And by dipping their toes, I mean it’s a six-track album with a deluxe edition of (gasp) TWO whole bonus tracks. It’s a brave move, but also a smart one – not putting extra stuff on an album just for the sake of it. I like that it’s well thought-out and not a few random singles slapped onto one album.
In essence, Knuckles is more alternative rock with heavier guitar than all Z&G’s previous album, but what is striking for me is lead singer Greg Carlin’s vocal prowess. The rest of the band sound far cleaner and more put together than previous albums, and it’s far more melodious and well-constructed rather than using distortion to mask what could have been uncertainty.
Mike Wright’s drumming has grown from being pretty rudimentary and dictated by the other instruments to a beast of its own. I like. A lot.
[Aside: The Wisest Ones was for me the pinnacle of Carlin’s lyrical work so far and he had a lot to live up to here. He didn’t quite make it.]
Opening with the powerful I’ve Been Bad – the first single – Carlin’s unique vocals carry on the theme of despair and desperation. “There were passengers and hangers on/Those messed up kids where have they gone?/The stupid fights those fucked up nights,” he sings to the backdrop of slick production.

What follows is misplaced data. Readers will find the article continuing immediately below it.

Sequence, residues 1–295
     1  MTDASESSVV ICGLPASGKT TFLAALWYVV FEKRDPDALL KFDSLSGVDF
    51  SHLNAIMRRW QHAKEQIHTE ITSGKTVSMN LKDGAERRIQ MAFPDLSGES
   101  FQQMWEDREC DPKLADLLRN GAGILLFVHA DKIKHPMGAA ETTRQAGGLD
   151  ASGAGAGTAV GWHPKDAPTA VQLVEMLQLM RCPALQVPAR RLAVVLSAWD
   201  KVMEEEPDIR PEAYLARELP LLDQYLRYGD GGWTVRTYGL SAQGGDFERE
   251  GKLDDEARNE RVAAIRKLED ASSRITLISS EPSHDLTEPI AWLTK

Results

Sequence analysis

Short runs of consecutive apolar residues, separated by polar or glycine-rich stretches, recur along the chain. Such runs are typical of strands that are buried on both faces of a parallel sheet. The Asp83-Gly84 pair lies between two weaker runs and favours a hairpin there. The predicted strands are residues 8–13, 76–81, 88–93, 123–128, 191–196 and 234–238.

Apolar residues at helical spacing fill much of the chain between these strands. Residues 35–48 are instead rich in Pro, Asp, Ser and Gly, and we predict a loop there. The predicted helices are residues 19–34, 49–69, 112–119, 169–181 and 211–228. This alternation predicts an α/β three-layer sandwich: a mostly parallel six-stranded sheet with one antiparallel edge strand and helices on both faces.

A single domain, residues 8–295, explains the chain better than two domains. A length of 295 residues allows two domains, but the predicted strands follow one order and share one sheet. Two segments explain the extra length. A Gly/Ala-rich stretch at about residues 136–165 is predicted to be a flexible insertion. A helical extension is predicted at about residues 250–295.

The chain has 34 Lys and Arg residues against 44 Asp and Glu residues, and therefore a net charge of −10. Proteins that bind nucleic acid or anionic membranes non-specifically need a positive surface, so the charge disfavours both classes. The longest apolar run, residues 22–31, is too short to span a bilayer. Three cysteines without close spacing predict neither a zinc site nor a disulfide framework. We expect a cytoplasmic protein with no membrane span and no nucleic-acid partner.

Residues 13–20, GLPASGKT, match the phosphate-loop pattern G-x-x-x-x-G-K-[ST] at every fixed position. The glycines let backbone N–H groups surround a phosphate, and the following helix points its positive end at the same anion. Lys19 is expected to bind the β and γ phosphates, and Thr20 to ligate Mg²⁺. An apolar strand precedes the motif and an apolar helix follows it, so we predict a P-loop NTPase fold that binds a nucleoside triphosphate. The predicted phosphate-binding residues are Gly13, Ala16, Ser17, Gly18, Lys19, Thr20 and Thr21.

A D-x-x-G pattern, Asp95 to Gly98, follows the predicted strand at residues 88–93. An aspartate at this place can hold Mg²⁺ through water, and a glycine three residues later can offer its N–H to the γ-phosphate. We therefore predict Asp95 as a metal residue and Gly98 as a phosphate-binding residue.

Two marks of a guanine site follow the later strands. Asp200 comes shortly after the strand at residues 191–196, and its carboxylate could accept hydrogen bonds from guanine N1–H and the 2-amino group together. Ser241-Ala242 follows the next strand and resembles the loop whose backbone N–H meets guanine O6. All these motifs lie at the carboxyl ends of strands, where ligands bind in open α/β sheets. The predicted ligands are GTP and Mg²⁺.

Mellowing out with Dive (Into the Deep End), the album shows how put-together the melodies are, and this could be my favourite song off this album. Shenton is far more talented than people give him credit for.
Dancing, however lyrically beautiful, sounds a bit weak. Pretty. But weak. “Let’s go dancing in the darkness / We can be free / We can take all of our guards down and disappear” – some prettiness right there.
Does God Love Me? makes me wonder – I thought The Wisest Ones placed Carlin firmly in the hands of the Devil in its subject matter – but it’s catchy and upbeat, kind of like the grown-up version of The Knife.
Goodbye is kind of like what Z&G could be if they went totally pop-rock. I don’t know what to make of it, really.
The title track is more like it. The familiar Z&G sound we’re used to and love. And it shows off his magnificent vocal abilities and the band’s ability to come together and make magic.
The stripped-down versions of Knuckles and Dive show the band’s versatility in working with minimal sound.
Knuckles is a kind of a bridging album; a gateway for what is to come from Z&G. It’s not their finest piece of work, but it is saying something – the band is now settled in their lineup, stable, cemented and ready to grow from strength to strength from here.
Rating: 6/10 – Nikita Ramkissoon
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